If (AppleScriptTask(“osgb.applescript”, “Present”, “”) <> “present”) Then

                AppleScriptNeeded = True

    End if

    Exit Function


    AppleScriptNeeded = True


    AppleScriptNeeded = False

#End If

End Function

The Office 365 system we tried this on did not have the applescript folder created during office installation, hence the initial mkdir in the applescript file.  This did not work initially – the write functions froze the system, but a month or so later it did work.  We believe that an intervening system restart fixed it.

Sandbox Implications

Excel 2016 onwards is run on MAC within a ‘sandbox’ which requires permissions to be granted for folder and file accesses outside the sandbox.   The Excel routine GrantAcesstoMultipleFiles can be used to ask the user for permissions.

Before opening any file, we adopted the strategy of issuing GrantAcesstoMultipleFiles for the folder holding the file and then, if the file exists, for that too. That is in in addition to the special measures which were needed to choose files.

We wonder whether there is a chicken and egg situation with GetFileName and GetSaveasFileName.  If you do not have permissions to access the folder then how can you read it in order to choose a file?

Our solution to choosing, writing to then opening a file (eg a kml file) was:

  • Choose file with applescript function ChooseKMLWrite.
  • Check file type.
  • Grant permissions on folder
  • Grant permissions on file (If it exists)
  • Open and write to the file
  • Grant permissions on the file
  • Open the file with the system dependent application with the applescript function  osgbopen.

Note that these are sufficient but perhaps not necessary steps.


There is a vba function Application.IsSandboxed which sounds to be very useful.  Unfortunately, it isn’t!  

  1. It does not work – it does not return ‘true’ with Excel 2019/365 as one would expect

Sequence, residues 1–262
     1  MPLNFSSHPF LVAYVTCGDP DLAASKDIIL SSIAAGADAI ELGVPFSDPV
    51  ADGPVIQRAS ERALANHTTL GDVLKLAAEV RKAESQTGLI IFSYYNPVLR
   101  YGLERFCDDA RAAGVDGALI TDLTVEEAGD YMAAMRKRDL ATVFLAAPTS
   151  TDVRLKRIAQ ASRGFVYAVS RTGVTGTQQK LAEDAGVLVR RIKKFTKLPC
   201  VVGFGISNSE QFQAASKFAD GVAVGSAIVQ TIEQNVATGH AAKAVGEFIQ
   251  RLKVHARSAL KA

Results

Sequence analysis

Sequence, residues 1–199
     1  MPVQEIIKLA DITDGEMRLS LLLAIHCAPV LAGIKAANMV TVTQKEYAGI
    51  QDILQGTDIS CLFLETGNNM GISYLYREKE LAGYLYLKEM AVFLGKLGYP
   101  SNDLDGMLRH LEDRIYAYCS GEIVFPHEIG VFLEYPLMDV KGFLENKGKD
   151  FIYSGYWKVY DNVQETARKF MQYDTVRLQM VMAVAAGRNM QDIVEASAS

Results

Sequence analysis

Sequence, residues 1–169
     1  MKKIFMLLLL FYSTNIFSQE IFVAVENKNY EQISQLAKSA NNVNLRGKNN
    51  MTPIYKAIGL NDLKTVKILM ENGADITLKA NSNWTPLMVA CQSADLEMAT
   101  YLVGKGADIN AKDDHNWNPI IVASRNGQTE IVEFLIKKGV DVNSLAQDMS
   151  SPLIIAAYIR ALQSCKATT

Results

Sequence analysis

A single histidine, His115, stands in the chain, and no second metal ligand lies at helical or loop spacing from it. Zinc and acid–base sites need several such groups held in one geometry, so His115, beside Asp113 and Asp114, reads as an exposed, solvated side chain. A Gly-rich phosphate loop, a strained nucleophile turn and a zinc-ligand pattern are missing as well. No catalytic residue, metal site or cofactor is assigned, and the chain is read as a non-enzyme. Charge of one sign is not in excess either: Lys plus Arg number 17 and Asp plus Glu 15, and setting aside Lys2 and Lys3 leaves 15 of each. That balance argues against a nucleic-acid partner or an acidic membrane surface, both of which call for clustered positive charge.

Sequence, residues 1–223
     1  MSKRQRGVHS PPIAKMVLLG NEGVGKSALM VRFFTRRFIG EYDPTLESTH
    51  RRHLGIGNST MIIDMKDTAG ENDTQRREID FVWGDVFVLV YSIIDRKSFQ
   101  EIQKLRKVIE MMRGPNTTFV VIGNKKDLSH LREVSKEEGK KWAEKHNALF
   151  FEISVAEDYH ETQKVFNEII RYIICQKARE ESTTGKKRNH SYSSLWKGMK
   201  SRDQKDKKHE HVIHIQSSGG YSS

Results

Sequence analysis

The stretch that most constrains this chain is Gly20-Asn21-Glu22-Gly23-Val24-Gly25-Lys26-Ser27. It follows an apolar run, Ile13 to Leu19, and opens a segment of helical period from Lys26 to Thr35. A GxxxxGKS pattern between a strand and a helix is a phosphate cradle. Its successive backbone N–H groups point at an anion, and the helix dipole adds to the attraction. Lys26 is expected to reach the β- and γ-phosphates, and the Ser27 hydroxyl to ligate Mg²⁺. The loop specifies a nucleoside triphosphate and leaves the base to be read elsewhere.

2. Even if it did work, it would not be useful – it needs to be a compile time directive to exclude GrantAcesstoMultipleFiles calls in a non sandboxed environment

You might try:

       #if MAC_OFFICE_VERSION >=16 then

               GrantAcesstoMultipleFiles …….

      #end if

Reading a URL

We (ab)use the Streetmap web site to ‘scrape’ the location of postcodes in GB and this needed a different approach on MAC.  See the brilliant execShell() function courtesy of Robert Knight via StackOverflow:


Open a file with its native application:

Once we have written a gps or a kml file we ask the user whether it should be opened – typically with a mapping application like MemoryMap, Garmin Basecamp or Google Earth.

With windows we used:

Reply=shell(“explorer “ & chr(34) & filename & chr(34))

On MAC we tried:

Reply=shell(“open “ & chr(34) & filename & chr(34))

That was fine with Excel 2019 but not Excel 2016.  Instead, we had to delve down into the Applescript routine osgbopen.

Reply= AppleScriptTask(“osgb.applescript”, “osgbopen”,  chr(34) & filename & chr(34))

The chr(34) is necessary in case there are spaces in the filename.












Thanks to Phil Newby for his generosity in hosting this content, to Ian Baines for his assistance in debugging on the MAC and my son for testing it with Office 365.


You can contact me with my first name dot second name on my UK Hotmail account to discuss the above.  No spam please!

Phil Brady 15 Dec 2020.

Phil Brady © 2020